5 Essential Job Interview Questions Every CEO Must Ask

Jobs & Career Guide

For each major role in your company, there’s a single job interview question that outweighs everything else. How the candidate answers that question — and not the answer itself! — should determine if the candidate will be a help or a hindrance.

Here are the essential interview questions for five key jobs.

1. Hiring a manager.

Key question: “What is a manager’s most important task?”
What to listen for: Whether the management style matches your needs.

There are three basic types of manager: 1) coordinators who guide employee behavior, 2) coaches who develop employee skills, and 3) bureaucrats who play politics.

Coordinators believe that “achieving goals” is the most important task. They’re most useful when a situation is chaotic and in flux, as when a company is growing very quickly.

Coaches believe that “improving behaviors” is the most important task. They’re most useful for established teams that aren’t performing up to their full potential.

Bureaucrats believe that “managing numbers” is the most important task.  They are useless for anything except playing politics. Avoid them like the pox.

2. Hiring a marketer.

Key question: “What’s the relationship between ‘sales’ and ‘marketing’?”
What to listen for: Any hint of disrespect for salespeople or the sales process.

Marketing has two important tasks: 1) generating qualified sales leads and 2) providing tools to help salespeople turn sales leads into paying customers.

Marketers who don’t respect salespeople inevitably generate sales leads that the sales team can’t close and sales tools that salespeople don’t want.

Therefore, if you hear anything like “marketing sets strategy and salespeople execute tactics,” do not hire that candidate.  If you hear something like “marketing is a service that helps salespeople sell,” you’ve got a winner.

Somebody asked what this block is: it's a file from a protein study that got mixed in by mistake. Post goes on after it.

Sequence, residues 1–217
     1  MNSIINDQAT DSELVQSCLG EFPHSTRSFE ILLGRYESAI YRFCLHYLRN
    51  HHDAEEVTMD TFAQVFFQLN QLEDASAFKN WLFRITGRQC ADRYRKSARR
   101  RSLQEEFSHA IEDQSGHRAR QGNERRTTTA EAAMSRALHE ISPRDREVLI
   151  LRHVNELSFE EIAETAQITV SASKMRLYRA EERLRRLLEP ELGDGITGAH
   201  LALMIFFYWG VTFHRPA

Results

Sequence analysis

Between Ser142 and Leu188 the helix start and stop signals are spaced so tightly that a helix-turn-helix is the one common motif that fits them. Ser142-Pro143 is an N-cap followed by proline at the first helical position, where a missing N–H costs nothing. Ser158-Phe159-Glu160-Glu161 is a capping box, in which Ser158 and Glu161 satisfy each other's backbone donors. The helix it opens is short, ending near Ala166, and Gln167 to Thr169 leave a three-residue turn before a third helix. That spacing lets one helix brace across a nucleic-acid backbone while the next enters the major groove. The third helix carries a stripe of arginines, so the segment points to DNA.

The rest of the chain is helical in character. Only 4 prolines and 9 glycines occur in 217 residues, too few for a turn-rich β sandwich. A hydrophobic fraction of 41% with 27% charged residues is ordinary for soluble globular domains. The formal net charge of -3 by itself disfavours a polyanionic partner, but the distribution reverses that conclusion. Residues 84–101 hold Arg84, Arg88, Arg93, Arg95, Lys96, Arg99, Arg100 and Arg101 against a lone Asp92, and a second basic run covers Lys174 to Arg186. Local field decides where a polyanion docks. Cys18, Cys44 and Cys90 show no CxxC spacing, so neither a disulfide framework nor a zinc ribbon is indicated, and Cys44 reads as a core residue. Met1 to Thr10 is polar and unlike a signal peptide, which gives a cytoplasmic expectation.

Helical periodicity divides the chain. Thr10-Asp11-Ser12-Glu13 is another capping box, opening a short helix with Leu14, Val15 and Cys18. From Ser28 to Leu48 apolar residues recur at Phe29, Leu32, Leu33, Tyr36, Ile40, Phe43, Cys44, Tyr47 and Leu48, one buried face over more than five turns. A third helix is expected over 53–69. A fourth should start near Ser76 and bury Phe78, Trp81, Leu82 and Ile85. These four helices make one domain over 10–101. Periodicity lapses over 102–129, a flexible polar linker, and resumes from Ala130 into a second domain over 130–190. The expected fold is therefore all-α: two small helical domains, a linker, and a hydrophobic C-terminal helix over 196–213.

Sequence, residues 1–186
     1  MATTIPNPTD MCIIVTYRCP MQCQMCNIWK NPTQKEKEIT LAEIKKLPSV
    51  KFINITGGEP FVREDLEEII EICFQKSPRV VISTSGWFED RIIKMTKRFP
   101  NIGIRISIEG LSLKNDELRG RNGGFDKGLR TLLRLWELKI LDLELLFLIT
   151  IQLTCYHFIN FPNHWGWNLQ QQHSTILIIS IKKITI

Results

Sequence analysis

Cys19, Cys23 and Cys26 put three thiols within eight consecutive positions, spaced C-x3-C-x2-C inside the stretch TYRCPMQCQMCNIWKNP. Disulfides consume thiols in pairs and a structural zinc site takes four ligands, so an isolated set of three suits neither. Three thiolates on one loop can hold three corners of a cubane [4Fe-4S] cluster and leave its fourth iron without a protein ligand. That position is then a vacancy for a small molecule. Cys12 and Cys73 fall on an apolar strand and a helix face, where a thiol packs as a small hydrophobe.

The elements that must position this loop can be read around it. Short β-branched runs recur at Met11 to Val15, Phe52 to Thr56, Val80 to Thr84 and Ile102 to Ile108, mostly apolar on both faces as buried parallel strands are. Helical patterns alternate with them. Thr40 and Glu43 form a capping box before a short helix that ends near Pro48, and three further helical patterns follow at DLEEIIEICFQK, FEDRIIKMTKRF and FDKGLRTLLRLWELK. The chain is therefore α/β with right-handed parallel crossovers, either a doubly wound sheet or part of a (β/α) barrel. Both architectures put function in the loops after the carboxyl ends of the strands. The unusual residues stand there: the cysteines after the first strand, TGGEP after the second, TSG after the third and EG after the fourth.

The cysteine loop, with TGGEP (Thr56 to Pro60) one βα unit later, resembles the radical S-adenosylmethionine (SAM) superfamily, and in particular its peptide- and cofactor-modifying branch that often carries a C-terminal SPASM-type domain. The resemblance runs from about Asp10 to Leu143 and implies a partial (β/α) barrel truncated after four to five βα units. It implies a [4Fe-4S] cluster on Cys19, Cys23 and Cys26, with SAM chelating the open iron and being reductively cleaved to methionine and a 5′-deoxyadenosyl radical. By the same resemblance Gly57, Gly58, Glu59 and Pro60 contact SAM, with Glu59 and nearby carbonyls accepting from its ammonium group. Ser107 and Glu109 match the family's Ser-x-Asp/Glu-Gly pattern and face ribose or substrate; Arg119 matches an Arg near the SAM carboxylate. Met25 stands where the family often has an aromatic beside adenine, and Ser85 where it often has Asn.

3. Hiring a salesperson.

Key question: “How do you define ‘selling’?”
What to listen for: The flavor of the words the candidate uses.

Candidates who use manipulative terminology like “convince,” “persuade,” and “compel” will take a hard-sell approach. They’ll try to badger even unqualified prospects into becoming customers.

Candidates who use relationship-based terminology like “ask questions,” “listen to,” and “help” will take a solution-sell approach. They’ll find ways to make both your company and the customer successful.

If want to generate revenue quickly and don’t care whether customers get screwed, hire the hard-seller.  If you’re in business for the long haul, hire solution-seller.

4. Hiring an engineer.

Key question: “What constitutes ‘good design’?”
What to listen for: Evidence of engineering dogmatism.

The best engineers tend to think about design as the process of adapting products and services to the needs of the people who are destined to use them.

The worst engineers tend to think about design as building something that makes sense to themselves, and that users should learn to think like engineers.

Hiring engineers who get that design goodness is all about usability will result in products that customers buy and love; hiring dogmatists… not so much.

5. Hiring support personnel.

Key question: “Describe a situation where you felt rejected.”
What to listen for: The emotional resiliency to stay upbeat and positive.

Support jobs always involve dealing with other people’s emotional baggage.  Admins, for example, must deal with stressed-out execs; customer-support folk must deal with constant anger and abuse.

Because of this, support personnel are most effective when they don’t bring their own emotional baggage into the situation. They need to remain helpful without owning the other person’s opinions.

Ultimately, this means the ability to deal with personal rejection without taking it to heart. So you’re looking for somebody who can “take it” without feeling the need to “dish it out.”

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